People who don’t get up-close and personal or tramp upon our mountains — or any mountains, really — will probably lack understanding. Understanding, for instance, that moutain weather is usually temperamental, colder, windier, and can even more dangerous. Or understanding of how it feels to exert oneself step after step for thousands of steps, digging deep within, then reaping the reward of the joy of arrival. Even understanding the simplicity of how the mountains reach our senses may be lost on those who have never been. Here we hope to at least increase the reader’s level of understanding on this front.
The Five Senses: In the Mountains
- The Sense of Taste
- The White Mountains are known to produce characters of flavor, but have no real flavor of their own representing instead a certain purity. Beware, in fact, locales you can taste. Here the mountains serve as a backdrop to the palate. They let other flavors stand out. Want to have to best ever-loving peanut butter and jelly sandwich or ramen you’ve ever had? Hike yourself to the top of a tall New Hampshire mountain and that meal will be amazing.
- The Sense of Touch
- We could point out the impact the mountains may have on our muscles, our joints, our tired and aching feet and call that touch. We could, but it’s much more fun to wax poetic about the softer yet more profound way the mountains touch our souls. The way they in fact heighten the very senses outlined herein. Stand there on the Presidentials, for example, reach out and touch them, then let them touch you. Then know it’s okay to shed a tear of joy.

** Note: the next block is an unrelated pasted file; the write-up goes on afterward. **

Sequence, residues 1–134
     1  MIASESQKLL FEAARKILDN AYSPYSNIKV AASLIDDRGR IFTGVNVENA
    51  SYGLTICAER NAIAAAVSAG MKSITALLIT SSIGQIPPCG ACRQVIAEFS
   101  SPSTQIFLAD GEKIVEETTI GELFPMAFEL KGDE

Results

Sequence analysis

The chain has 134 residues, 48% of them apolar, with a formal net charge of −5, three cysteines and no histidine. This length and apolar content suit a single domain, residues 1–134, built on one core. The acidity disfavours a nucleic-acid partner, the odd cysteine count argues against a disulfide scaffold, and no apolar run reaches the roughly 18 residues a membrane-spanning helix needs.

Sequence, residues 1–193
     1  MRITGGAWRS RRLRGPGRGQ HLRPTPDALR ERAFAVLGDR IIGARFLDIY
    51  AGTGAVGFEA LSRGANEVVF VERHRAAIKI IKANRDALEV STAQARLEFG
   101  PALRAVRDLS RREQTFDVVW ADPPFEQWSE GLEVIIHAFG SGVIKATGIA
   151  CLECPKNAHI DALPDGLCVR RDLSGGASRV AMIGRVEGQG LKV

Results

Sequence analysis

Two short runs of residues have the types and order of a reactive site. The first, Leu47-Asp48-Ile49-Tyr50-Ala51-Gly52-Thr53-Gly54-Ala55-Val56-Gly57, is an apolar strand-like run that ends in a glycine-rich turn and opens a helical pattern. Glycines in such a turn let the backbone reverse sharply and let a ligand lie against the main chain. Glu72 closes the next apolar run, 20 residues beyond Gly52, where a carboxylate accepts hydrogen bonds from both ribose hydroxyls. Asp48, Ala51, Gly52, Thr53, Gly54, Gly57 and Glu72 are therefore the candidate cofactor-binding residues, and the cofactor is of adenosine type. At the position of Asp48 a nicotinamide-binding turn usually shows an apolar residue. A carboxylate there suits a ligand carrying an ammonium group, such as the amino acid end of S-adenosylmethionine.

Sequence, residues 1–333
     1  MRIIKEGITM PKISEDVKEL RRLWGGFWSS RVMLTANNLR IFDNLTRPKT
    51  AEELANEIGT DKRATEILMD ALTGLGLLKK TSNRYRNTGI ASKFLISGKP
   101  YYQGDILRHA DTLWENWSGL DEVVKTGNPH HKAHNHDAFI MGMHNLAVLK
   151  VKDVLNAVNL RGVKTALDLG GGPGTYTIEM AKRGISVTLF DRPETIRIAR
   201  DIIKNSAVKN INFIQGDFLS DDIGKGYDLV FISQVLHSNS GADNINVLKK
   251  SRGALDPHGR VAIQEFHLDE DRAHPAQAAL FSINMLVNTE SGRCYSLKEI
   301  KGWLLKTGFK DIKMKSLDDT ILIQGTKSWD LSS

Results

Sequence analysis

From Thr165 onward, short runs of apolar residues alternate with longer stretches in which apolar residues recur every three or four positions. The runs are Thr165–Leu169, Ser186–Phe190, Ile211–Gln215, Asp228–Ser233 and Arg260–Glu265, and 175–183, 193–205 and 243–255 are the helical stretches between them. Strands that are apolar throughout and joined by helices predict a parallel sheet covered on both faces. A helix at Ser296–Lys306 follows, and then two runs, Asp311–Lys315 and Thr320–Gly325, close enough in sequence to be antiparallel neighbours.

- The Sense of Smell
- Science tells us it is the sense of smell which is commonly responsible for triggering memories. We think this is true. When not noting the purity of the alpine air, the wonderful aroma of balsam fir — sold in gift shop bags for the tourists to enjoy — certainly evokes rich memories of special hikes of yore. Other smells speak of campfires, the springtime ritual of repelling of mosquitoes, and in the worst cases, the odor of effort.
- The Sense of Sight
- As humans the sense of sight is major. We have amazing eyes capable of such speedy focus and adjustment we find ourselves with the ability to visually take it all in. And in the Whites there is a lot to take in. From alpine tundra and krummholz regions to dense boreal forests perched atop the northern mixed forests. Some of the words used to describe many of these areas include drop-dead gorgeous, stunning, mind blowing, awe inspiring, amazing, speechless, breathtaking, and of course there is the historically significant sublime. It’s how we see it.
- The Sense of Hearing
- One of the most amazing things to sense in the White Mountains — or any truly remote area — is what we hear. Or rather what we don’t hear. Unless the military is annoyingly conducting maneuvers overhead, once we remove ourselves from civilization by a few miles, we can find ourselves enveloped by stark silence. This isn’t always the case. Often we are accompanied by the sound of the wind, which you may find pleasing in its own right. On other days we may hear the drone of insects, the murmur of other hikes, their crunching snowshoes or clicking trekking poles, and other sounds, the birds and the bees. But often there is nothing beyond the sound of our own breathing and the beating of our hearts.
There are a vast number of photos and a near limitless vocabulary that could fill this article. This is merely a glimpse.